Despite the coronavirus pandemic, the Susquehanna Warrior Trail Council has been active this spring in maintaining and improving the trail.

The trail, like others in the region, is a source of comfort for those seeking a temporary respite from the stay-at-home regime that is part of the Pennsylvania virus containment policy.

Now, a walk or bike ride on the Susquehanna Warrior Trail is a trip through history. The kiosks at the trail heads have been updated so that two panels, one on each side of the kiosk, provide administrative information and historical information on the surrounding area or local wildlife details.

Lance Kittelson, council president, said volunteers Nancy Dennis and Bonnie Shane crafted the panels with the help of local historical societies and local historians.

For example, the kiosk at the Hunlock Gardens trail head, pictured, has information on the Garden Drive-In, the Hunlock Creek railroad station and other areas of interest, with one or two paragraph explanations.

Kittelson said everyone is invited “to stop and check out this interesting information. We also invite anyone who is interested in history to put together a two or three paragraph explanation of a historic location or maybe a happening along the trail or Susquehanna River/Route 11 adjacent to the trail. Pictures are always welcome.”

Material can be sent to Kittelson at for posting on the Susquehanna Warrior Trail Facebook page. Kittelson also is seeking someone to lead or help administer this project.

The Susquehanna Warrior Trail parallels the North Branch of the Pennsylvania Canal System from the Riverlands trail head south of Shickshinny to the Canal Park trail head in West Nanticoke, Plymouth Twp. Anthracite coal was mined in towns along the trail and the barges carried the coal down the Susquehanna River.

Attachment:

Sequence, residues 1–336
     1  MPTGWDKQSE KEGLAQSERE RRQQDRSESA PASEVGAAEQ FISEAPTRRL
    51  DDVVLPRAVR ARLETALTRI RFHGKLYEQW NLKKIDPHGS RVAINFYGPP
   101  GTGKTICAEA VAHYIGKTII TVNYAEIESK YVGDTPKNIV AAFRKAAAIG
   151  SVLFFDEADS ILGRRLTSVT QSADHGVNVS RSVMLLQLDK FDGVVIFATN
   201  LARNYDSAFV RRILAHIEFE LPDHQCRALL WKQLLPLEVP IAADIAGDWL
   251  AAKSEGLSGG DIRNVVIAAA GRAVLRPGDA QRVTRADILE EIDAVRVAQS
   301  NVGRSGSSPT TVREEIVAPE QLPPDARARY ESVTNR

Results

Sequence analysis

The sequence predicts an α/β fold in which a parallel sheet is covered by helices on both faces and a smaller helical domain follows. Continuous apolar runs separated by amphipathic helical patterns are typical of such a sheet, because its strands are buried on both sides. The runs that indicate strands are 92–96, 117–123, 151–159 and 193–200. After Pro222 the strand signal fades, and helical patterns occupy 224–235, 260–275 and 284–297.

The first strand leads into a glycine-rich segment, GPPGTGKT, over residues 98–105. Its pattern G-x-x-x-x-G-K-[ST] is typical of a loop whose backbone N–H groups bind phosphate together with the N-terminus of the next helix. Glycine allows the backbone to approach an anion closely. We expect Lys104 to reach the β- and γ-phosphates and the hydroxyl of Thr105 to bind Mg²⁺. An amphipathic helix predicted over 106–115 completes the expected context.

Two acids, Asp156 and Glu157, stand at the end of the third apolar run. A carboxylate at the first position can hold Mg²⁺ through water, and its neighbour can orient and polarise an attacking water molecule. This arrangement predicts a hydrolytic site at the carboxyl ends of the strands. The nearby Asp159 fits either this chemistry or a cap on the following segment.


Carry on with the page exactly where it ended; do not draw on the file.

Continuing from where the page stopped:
“Where was a canal basin located and what is on the location now? What coal breakers were in sight of the trail and where were they? What former amusement park was along the trail?” Kittelson asked.

Kittelson said the trail could end up being a walking tour, with a digital and/or paper guide. Individual contributors of trail history could be given credit for their work, he said.

A few years ago, a Boy Scout installed two historical pictures along the trail, one near the SCI Retreat access road and the other at the Shickshinny trail head.

Meanwhile, trail volunteers have removed fallen trees and have attacked the multi-flora rose that has infested large sections along the trail. The council is asking hikers to “help protect others and yourself’’ by using hand trimmers to cut back the multi-flora rose.

“When you encounter a rose shoot extending over the trail, trim it back and continue your walk. It’s as simple as that,” Kittelson said.